Mortuary Customs: the Huron-Wendat Approach to Death

Victoria Jackson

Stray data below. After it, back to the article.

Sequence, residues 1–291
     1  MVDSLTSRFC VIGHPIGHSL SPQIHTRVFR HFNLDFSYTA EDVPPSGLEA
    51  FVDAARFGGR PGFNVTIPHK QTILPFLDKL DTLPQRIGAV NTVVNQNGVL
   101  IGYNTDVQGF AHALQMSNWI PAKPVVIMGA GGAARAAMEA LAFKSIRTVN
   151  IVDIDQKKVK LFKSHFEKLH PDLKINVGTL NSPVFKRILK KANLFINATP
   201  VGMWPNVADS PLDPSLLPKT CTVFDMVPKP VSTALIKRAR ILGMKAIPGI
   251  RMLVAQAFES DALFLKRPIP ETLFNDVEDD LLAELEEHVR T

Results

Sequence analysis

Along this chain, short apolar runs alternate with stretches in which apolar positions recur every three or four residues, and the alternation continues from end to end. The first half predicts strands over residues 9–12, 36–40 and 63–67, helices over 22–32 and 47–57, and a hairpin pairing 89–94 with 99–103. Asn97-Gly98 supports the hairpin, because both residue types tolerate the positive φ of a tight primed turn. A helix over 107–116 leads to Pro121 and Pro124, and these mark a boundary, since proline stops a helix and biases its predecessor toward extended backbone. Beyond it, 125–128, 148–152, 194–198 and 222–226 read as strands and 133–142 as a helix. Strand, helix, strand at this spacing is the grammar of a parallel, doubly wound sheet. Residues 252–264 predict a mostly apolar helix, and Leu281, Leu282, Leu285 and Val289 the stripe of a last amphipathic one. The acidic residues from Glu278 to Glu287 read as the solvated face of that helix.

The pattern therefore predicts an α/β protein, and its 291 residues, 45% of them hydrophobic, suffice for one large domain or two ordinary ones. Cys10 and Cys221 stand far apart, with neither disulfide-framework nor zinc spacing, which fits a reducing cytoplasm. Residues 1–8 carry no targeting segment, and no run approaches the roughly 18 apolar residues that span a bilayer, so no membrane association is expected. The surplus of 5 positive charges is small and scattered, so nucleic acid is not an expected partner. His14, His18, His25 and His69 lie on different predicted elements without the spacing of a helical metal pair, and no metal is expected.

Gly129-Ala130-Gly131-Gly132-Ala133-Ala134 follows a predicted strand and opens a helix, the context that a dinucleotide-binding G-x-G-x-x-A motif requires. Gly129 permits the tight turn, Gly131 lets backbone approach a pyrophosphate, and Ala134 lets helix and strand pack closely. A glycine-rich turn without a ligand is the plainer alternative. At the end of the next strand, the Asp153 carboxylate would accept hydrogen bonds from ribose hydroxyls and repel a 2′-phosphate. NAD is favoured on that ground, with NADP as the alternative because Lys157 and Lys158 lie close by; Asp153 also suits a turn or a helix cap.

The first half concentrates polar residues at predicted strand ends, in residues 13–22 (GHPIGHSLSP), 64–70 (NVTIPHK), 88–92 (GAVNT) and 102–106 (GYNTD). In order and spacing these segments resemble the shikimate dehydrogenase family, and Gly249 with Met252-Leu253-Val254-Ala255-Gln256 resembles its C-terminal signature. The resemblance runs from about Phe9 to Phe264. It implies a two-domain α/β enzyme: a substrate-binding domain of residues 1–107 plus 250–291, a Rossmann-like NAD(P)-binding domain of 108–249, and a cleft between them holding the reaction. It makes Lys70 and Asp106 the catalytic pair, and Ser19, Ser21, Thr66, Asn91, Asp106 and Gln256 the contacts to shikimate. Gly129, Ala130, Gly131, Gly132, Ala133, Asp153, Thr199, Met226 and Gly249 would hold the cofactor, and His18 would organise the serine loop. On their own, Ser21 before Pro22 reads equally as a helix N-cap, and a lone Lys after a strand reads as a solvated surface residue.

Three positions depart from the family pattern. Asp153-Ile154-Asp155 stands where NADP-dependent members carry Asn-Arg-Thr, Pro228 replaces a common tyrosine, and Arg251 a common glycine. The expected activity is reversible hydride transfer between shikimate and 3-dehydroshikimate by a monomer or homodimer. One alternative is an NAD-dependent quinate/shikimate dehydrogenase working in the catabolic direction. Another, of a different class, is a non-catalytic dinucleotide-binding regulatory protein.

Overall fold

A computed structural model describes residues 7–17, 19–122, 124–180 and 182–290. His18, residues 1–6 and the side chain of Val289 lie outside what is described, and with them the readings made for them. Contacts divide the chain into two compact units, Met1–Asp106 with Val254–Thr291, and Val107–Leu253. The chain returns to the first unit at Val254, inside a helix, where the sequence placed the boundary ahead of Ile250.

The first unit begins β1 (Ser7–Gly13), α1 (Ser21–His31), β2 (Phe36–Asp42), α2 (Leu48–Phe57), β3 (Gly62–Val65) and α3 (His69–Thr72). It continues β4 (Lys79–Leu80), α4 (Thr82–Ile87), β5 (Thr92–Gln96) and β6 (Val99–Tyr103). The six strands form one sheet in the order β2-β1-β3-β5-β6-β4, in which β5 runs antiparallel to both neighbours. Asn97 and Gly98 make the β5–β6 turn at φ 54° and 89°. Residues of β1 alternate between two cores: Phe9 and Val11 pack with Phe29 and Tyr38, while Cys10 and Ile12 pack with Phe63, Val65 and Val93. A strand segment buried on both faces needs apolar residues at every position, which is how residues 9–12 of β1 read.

The Huron-Wendat people of the Great Lakes region were a powerful and complex nation with a significant population and a rich history and culture when the Europeans arrived in the early seventeenth century.  In early studies of Amerindian-European contact, historians argued that French Europeans radically transformed various aspects of a static Huron-Wendat culture, including in economics, religion, and material culture.  In more recent studies, contemporary historians correctly question this view, as it gives little attention to Amerindian agency. This essay is intended to contribute to the discourse concerning Amerindian agency, specifically as relates to the transformation of Huron-Wendat ‘deathways’ in the seventeenth century.

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